"That, I never understood," says Joe Aceti, who directed Wide World from 1972 to '82. "I mean, they [the Globetrotters] did the same tricks every year. We did take them to different places, though."
The Acapulco cliff diving championship was another absolute ratings lock every time it was shown. It was the television equivalent of a swimsuit issue, beefcake division, enlivening everybody's winter afternoon. It wasn't exactly sports, but it sure was fun. "We never expected to do it at all," says McKay. "We were going there to do a water-skiing championship, and Roone called up the hotel where the divers worked, the El Mirador. We thought we'd do the cliff diving as a sidelight. But it turned out these guys were union, even had a shop steward. Anyway, one of the divers tells Roone that there's been all kinds of interest from NBC and Hollywood and that they couldn't possibly work for less than $100,000. That's that. But when we get there, our local contact tells us he's got the cliff divers lined up. For $100,000? 'No,' he says, 'they compromised. They'll do it for $10 a dive.' Of course, they charged us for practice dives."
One bit became so popular that Wide World didn't air it just once a year but every week: the agony of defeat. That poor skier hurtling out of control down the chute? Vienko Bogatej? "It was 1970 and I was in Yugoslavia doing world figure skating," says Lewin. "I remember it like it was yesterday. I was up in my room watching this ski-flying competition from Germany on television, and I see this alltime fall. I rush down to the dining room, McKay is waiting for me, and I say, 'You won't believe what I just saw.' "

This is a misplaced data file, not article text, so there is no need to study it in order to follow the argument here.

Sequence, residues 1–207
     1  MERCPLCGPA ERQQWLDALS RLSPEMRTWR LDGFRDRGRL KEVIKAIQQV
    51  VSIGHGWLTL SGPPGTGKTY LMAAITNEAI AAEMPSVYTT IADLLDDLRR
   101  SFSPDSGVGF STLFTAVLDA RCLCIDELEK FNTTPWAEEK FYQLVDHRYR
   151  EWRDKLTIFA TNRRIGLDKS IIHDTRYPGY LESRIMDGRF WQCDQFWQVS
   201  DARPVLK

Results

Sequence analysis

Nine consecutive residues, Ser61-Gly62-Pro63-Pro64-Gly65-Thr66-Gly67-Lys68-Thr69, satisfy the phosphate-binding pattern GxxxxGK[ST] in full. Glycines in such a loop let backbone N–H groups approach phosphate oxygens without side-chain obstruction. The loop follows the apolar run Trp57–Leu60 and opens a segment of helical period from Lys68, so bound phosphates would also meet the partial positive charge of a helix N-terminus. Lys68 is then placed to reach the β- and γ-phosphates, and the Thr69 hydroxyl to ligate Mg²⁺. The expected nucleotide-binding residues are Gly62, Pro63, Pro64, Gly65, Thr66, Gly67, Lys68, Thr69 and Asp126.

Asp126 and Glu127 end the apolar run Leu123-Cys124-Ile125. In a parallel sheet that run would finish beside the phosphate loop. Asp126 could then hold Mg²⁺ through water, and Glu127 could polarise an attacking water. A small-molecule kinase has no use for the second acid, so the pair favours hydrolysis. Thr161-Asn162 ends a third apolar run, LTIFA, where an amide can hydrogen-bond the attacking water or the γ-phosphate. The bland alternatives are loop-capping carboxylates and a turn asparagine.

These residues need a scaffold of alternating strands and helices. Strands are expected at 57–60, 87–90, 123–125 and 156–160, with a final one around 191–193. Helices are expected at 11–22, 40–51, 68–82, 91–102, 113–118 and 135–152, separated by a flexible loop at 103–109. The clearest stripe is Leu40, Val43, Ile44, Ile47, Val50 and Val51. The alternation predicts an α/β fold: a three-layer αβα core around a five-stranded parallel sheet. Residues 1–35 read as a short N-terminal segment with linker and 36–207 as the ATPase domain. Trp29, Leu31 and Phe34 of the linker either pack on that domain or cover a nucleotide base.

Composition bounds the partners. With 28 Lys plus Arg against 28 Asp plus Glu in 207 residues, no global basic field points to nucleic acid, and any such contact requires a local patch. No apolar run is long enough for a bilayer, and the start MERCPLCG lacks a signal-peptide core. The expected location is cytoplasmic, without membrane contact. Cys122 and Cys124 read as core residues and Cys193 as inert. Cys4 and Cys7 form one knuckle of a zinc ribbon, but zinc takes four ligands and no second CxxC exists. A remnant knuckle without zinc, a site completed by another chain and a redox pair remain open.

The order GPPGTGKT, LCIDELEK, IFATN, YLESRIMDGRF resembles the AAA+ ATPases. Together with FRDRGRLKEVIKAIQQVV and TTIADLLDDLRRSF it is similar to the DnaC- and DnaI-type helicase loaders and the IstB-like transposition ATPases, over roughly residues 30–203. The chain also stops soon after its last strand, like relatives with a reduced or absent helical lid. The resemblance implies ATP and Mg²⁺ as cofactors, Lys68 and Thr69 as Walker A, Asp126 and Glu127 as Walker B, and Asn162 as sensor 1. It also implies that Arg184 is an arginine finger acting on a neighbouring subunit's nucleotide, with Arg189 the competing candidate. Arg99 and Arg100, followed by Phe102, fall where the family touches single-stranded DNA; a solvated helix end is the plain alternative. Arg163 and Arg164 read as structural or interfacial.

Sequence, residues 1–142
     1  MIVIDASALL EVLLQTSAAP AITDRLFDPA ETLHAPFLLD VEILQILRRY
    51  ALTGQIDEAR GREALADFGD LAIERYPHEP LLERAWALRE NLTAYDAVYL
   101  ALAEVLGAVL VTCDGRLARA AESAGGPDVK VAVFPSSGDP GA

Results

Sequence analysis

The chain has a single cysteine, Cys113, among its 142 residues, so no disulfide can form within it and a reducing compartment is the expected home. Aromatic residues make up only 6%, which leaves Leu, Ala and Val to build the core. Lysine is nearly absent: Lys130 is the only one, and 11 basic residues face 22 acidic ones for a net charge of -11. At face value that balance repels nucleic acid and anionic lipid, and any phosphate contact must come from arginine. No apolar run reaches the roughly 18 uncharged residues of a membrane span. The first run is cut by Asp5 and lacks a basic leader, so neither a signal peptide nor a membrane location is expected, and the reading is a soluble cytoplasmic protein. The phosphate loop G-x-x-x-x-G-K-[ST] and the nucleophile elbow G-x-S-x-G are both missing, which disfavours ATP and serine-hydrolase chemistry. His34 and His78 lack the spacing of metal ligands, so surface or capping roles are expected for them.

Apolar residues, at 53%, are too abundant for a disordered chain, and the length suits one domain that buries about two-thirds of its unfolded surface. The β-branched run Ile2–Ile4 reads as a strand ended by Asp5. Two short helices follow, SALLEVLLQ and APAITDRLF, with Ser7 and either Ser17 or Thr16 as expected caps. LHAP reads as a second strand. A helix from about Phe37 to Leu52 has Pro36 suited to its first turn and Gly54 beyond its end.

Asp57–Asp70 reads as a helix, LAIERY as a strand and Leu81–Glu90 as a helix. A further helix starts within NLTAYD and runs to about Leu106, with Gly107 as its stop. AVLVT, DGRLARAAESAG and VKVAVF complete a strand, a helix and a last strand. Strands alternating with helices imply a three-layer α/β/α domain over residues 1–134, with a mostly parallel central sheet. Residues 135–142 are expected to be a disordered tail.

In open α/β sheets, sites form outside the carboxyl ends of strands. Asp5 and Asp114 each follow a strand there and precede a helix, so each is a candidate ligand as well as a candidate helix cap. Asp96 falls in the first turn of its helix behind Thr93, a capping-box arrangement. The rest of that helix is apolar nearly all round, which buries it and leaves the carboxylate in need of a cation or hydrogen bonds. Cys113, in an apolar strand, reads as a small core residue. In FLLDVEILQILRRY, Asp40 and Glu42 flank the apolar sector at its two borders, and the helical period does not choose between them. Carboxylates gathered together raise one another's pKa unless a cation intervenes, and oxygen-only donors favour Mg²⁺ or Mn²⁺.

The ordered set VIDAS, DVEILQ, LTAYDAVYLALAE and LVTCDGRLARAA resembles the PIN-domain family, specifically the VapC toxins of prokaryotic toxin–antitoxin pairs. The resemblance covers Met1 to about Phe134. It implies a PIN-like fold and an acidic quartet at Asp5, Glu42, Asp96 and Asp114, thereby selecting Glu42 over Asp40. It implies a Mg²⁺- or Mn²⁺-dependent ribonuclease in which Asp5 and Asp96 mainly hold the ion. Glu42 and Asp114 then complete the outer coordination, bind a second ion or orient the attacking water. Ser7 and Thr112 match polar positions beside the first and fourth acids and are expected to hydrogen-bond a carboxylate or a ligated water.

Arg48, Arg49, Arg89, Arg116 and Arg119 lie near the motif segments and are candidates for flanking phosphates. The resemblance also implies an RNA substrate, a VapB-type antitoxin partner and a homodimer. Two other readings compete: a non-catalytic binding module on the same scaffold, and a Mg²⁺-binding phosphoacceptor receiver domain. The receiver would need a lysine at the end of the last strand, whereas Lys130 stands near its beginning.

Bogatej was not seriously hurt and even tried to enter the next year's meet—yes, it was ski flying—from his hospital bed. Unknown to him, however, his fame had already been everlastingly secured that day by Wide World. "Can you believe, there was a point about 10 years ago when it was thought that shot had run its course," says Lewin. "But it became so symbolic, we had to keep it."
Bogatej will remain the program's only constant, then, because the strength of Wide World has been its ability to anticipate and nurture whatever seems to tickle the viewers from one year to the next. Flemming left the show in 1986; McKay still makes appearances on the show. Frank Gifford is now the studio host.
The Evel Knievel phenomenon eventually passed, as did the demolition-derby phase. The chess craze died, so Wide World no longer trots off to Iceland to broadcast a match. Ali, who provided the show with 29 fights (not including a studio scuffle with Joe Frazier) and high ratings every time, finally departed. Things run their course, and Wide World always finds something new to complement its core events—the Triple Crown, the Little League World Series, the Tour dc France.
The proliferation of cable TV and pay-per-view has made that search more difficult. Wide World can no longer snap up the lumberjack championships for $10,000; the lumberjacks have their own series on ESPN. Nor can ABC expect viewers to sit still for a midget-car dirt race from Terre Haute, Ind. And big fights will never again be seen on Wide World of Sports. Then again, the time may be right for cyclo-ball. You never know.
"We only showed that the one time," says Flemming. He seems to have a tinge of regret in his voice.